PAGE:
Orlando vacations are events that often become part of family legend. Kids and parents swap Disney or Universal stories for years, fondly reliving favorite moments such as the first Butterbeer in Hogsmeade, the “Be Our Guest” dance with Belle, or the final battle between Buzz Lightyear and Zurg. Beyond the Wizarding Worlds and Fantasylands, Orlando
towns such as Mount Dora and Kissimmee lure travelers away from the parks with fascinating museums, great shopping, and freshwater lakes. Farther out is the out-of-this-world experience of the Kennedy Space Center.
Most Orlando locals look at the theme parks as they would an unruly neighbor: it's big and loud, but it keeps a nice lawn. Central Florida's many theme parks can become overpowering for even the most enthusiastic visitor, and that's when an excursion into the "other" Orlando—the one the locals know and love—is in order.
There are ample opportunities for day trips. If the outdoors is your thing, you can swim or canoe at Wekiwa Springs State Park or one of the area's many other sparkling springs, where the water remains a refreshing 72°F no matter how hot the day. Alternatively, you can hike, horseback ride, canoe, and camp in the Ocala National Forest.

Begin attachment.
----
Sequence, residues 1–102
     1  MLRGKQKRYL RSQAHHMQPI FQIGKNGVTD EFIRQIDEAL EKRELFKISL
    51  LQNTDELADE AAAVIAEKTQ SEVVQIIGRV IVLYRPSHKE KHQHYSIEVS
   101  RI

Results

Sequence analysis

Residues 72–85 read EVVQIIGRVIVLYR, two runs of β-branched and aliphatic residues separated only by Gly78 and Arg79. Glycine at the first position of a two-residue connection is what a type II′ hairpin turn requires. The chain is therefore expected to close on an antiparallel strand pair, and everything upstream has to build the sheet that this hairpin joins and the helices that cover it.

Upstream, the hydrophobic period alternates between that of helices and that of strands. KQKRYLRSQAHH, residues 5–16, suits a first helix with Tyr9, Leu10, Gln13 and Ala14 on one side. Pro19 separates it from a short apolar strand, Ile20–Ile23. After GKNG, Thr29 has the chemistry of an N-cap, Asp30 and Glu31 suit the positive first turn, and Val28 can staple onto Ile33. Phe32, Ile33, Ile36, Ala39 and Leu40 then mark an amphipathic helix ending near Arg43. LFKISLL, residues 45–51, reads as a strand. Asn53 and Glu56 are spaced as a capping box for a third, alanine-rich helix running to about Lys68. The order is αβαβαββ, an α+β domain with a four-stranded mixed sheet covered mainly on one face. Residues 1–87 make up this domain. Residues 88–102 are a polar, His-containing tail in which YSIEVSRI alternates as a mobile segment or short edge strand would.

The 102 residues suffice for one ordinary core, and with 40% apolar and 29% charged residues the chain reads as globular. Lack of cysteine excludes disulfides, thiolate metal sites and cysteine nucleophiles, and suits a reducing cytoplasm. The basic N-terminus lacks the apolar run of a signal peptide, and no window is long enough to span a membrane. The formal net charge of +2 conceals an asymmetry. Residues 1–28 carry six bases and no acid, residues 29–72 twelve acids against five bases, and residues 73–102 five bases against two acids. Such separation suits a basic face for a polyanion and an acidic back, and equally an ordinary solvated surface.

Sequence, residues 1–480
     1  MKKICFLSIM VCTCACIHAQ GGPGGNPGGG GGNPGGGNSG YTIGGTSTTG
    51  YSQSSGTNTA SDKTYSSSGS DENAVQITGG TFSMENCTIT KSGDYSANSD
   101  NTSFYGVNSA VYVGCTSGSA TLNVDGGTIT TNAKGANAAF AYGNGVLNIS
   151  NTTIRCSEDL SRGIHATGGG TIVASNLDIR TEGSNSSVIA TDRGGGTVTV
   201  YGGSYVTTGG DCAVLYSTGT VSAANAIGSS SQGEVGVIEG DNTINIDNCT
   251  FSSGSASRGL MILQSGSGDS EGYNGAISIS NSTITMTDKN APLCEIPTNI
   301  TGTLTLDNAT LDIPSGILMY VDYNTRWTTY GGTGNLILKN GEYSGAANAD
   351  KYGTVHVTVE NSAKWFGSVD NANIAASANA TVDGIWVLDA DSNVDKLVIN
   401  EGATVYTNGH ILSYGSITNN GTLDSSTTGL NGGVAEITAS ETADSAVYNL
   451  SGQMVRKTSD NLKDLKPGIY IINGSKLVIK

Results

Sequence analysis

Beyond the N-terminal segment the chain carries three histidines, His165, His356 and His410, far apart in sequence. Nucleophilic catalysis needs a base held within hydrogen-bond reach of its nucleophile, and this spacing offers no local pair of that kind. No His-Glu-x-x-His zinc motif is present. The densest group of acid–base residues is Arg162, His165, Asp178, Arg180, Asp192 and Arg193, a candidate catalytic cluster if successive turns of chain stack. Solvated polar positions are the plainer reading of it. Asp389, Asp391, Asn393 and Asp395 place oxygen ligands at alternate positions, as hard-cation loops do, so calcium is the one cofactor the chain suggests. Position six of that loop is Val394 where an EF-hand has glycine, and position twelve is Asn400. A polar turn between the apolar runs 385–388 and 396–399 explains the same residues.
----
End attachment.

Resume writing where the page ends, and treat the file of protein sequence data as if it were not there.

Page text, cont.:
If museums are your thing, charming Winter Park has the Charles Hosmer Morse Museum of American Art with its huge collection of Tiffany glass, and the Cornell Fine Arts Museum on the oak-tree-covered Rollins College campus. While in Winter Park, you can indulge in some high-end shopping and dining on Park Avenue or take a leisurely boat tour of the lakefront homes.
Orlando is a diverse town. The Downtown area, though small, is dynamic, thanks to an ever-changing skyline of high-rises, sports venues, museums, restaurants, nightspots, a history museum, and several annual cultural events—including film festivals and a world-renowned theater fest. Downtown also has a central green, Lake Eola Park, which offers a respite from otherwise frantic touring.
Neighborhoods such as Thornton Park (great for dining) and College Park (an outpost of great dining and live theater) are fun to wander. Not too far to the north, you can come in contact with natural Florida—its manatees, gators, and crystal clear waters in spring-fed lakes.
Closer to the theme-park action, International Drive, the hub of resort and conference hotels, offers big restaurants and even bigger outlet-mall bargains. Sand Lake Road, between the two, is Orlando's Restaurant Row, with plenty of exciting dining prospects.